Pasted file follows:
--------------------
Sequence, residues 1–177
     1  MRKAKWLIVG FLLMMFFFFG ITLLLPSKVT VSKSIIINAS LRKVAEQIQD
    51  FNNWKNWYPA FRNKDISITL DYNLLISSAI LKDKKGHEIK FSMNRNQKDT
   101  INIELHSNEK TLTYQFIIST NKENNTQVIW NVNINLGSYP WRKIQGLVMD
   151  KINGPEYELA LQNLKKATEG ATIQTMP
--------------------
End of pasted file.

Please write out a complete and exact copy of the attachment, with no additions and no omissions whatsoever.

Sequence, residues 1–177
     1  MRKAKWLIVG FLLMMFFFFG ITLLLPSKVT VSKSIIINAS LRKVAEQIQD
    51  FNNWKNWYPA FRNKDISITL DYNLLISSAI LKDKKGHEIK FSMNRNQKDT
   101  INIELHSNEK TLTYQFIIST NKENNTQVIW NVNINLGSYP WRKIQGLVMD
   151  KINGPEYELA LQNLKKATEG ATIQTMP